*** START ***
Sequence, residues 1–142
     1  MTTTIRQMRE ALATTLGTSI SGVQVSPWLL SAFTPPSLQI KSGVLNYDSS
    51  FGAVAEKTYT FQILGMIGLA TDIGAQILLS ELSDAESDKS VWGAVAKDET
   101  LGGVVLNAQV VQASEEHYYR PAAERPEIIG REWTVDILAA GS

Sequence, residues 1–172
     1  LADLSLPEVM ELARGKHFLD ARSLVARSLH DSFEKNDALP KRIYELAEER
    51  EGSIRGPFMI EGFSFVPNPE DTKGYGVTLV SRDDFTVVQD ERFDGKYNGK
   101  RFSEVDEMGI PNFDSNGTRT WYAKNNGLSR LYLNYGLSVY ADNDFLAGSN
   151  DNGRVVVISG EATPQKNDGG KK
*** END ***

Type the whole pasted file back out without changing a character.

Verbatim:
Sequence, residues 1–142
     1  MTTTIRQMRE ALATTLGTSI SGVQVSPWLL SAFTPPSLQI KSGVLNYDSS
    51  FGAVAEKTYT FQILGMIGLA TDIGAQILLS ELSDAESDKS VWGAVAKDET
   101  LGGVVLNAQV VQASEEHYYR PAAERPEIIG REWTVDILAA GS

Sequence, residues 1–172
     1  LADLSLPEVM ELARGKHFLD ARSLVARSLH DSFEKNDALP KRIYELAEER
    51  EGSIRGPFMI EGFSFVPNPE DTKGYGVTLV SRDDFTVVQD ERFDGKYNGK
   101  RFSEVDEMGI PNFDSNGTRT WYAKNNGLSR LYLNYGLSVY ADNDFLAGSN
   151  DNGRVVVISG EATPQKNDGG KK